We have recently been excited to work with Will and Abi who are passionate about the environment and the environmental benefits of wildflowers on bio-diversity. We asked some questions of Will Bowman, one half of the partnership and we hope his answers below, help you to create the kind of environments which nurture and encourage bio-diversity in your own plots.
Will explains a little about the work they have carried out at the TCR Hub
“We chose the location of the old skateboard bowl as it will allow people to walk around the whole area of the patch, and as we identified it as having some nice meadow plants growing in already this year. Because it’s a patch of grass which has been backfilled with rubble/soil it’ll be interesting to see wether the process works come spring on previously disturbed soil.
We began by cutting the grass with a mower on a low setting, following that we scarified the grass with a metal rake in order to create patches of bare earth where the introduced seeds can establish. Finally we hand broadcast seed across the area and stomped then into the ground to ensure they won’t blow away and to make contact with the earth.
The species we introduced by seed were mainly Yellow rattle with smaller amount of red clover, ribwort plantain, lesser trefoil and meadow buttercup.”
How did you come to get involved in wildflower planting?
I came to be interested in wildflowers and the planting thereof mostly during the ‘lockdown era’. My daily walk was through the Barnard Castle desmesnes meadow, which is a really beautiful example of a wildflower meadow which had been restored via the green hay restoration method of introducing hay from a species rich donor field to a receptor.
I was able to walk through these meadows day to day and watch the great diversity of plant life arise, flower and then set seed. Since then I began getting involved with the Tees-Swale: Naturally connected project as a volunteer, helping with botanical surveying of meadows in Upper Teesdale which had been restored as part of their project.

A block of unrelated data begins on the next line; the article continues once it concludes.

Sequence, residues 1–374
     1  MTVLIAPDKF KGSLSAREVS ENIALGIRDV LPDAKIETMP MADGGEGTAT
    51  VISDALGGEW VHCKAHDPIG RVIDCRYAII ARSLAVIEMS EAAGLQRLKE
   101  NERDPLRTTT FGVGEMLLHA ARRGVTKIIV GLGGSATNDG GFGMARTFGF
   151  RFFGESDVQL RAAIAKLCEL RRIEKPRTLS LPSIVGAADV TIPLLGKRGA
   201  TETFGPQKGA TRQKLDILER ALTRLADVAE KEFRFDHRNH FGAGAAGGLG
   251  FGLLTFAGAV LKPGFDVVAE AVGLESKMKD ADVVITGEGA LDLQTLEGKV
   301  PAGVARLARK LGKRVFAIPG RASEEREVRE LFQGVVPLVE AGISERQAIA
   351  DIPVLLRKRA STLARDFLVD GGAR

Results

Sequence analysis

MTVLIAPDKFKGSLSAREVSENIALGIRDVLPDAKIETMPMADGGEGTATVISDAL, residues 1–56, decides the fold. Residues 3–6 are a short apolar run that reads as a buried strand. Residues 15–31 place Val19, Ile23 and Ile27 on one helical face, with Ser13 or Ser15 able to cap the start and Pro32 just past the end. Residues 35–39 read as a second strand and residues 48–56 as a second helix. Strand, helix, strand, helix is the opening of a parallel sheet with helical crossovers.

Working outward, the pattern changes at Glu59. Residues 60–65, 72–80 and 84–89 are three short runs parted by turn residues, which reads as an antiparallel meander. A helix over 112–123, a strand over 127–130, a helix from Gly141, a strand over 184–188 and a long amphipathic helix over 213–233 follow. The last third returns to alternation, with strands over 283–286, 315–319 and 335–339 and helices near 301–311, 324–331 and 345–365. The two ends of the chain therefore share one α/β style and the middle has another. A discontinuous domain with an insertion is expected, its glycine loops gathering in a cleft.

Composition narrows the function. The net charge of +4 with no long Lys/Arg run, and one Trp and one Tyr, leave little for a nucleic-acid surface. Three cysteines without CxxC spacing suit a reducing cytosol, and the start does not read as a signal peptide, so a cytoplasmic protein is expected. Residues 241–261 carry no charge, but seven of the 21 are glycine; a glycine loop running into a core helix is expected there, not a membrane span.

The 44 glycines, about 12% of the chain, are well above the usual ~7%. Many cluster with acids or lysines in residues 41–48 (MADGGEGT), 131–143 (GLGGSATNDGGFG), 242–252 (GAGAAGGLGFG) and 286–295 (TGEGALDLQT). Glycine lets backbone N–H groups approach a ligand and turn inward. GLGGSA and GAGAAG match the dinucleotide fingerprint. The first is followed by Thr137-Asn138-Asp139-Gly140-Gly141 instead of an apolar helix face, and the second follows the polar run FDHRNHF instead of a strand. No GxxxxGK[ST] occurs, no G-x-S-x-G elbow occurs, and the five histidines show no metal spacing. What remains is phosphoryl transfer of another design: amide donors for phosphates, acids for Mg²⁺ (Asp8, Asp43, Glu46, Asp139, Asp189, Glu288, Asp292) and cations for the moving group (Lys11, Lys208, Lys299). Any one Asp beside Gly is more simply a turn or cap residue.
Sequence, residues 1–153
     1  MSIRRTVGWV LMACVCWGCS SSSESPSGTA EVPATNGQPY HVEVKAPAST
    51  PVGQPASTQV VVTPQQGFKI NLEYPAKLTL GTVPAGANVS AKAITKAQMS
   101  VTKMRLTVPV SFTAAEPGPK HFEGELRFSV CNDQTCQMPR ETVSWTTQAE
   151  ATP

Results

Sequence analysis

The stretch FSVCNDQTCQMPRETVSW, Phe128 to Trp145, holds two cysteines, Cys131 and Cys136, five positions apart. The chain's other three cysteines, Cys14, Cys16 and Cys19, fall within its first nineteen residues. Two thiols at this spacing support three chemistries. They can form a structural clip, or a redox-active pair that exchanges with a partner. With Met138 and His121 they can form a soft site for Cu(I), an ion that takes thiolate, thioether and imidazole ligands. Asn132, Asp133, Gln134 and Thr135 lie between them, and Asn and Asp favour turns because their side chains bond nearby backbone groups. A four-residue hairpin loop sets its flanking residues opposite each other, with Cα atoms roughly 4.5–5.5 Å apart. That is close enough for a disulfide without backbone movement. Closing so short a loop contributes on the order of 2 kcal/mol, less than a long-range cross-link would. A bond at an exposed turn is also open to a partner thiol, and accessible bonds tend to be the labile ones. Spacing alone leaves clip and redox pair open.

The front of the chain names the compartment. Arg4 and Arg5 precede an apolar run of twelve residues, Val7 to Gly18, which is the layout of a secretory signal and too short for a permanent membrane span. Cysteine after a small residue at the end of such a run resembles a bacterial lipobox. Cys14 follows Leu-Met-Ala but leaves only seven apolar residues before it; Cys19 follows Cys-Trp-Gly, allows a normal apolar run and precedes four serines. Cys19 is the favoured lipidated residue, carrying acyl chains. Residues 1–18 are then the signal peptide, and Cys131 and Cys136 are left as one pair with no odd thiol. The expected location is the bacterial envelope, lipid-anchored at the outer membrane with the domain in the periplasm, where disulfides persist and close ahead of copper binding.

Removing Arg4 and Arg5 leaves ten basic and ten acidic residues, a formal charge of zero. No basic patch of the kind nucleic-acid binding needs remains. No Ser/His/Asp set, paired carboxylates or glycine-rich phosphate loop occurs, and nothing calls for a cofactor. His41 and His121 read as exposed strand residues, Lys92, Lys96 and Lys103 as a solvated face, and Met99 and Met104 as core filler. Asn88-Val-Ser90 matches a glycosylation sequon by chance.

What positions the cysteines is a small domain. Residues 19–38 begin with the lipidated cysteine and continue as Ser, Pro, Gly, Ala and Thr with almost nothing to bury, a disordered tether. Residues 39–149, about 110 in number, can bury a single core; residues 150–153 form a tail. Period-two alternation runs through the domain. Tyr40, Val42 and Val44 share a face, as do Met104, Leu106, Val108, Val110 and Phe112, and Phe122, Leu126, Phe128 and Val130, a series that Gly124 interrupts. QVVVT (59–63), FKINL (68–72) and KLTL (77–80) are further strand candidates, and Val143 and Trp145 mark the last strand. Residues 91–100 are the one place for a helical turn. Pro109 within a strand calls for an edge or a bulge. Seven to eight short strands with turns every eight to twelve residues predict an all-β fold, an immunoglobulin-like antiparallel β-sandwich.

I learnt a lot about the process as a volunteer there and since then have been incredibly lucky to be employed as a trainee on their project. Most of my practical knowledge of wildflower planting and meadow restoration has come from the highly knowledgeable staff on that project, some of whom have been organizing meadow restoration works throughout Teesdale and wider North Pennines AONB area for 10+ years. Without the desmesnes meadow I wouldn’t have even been aware of how species rich and special a habitat upland hay meadows could be.
Given recent statistics about 98% of species rich grassland in the UK being lost to agricultural improvement of grassland and other development, I believe it fundamentally important that people need to be able to experience some of these special diverse habitats to even begin to be aware of what might be lost in the future years and to be informed to protect them.
The best time of year for the process described?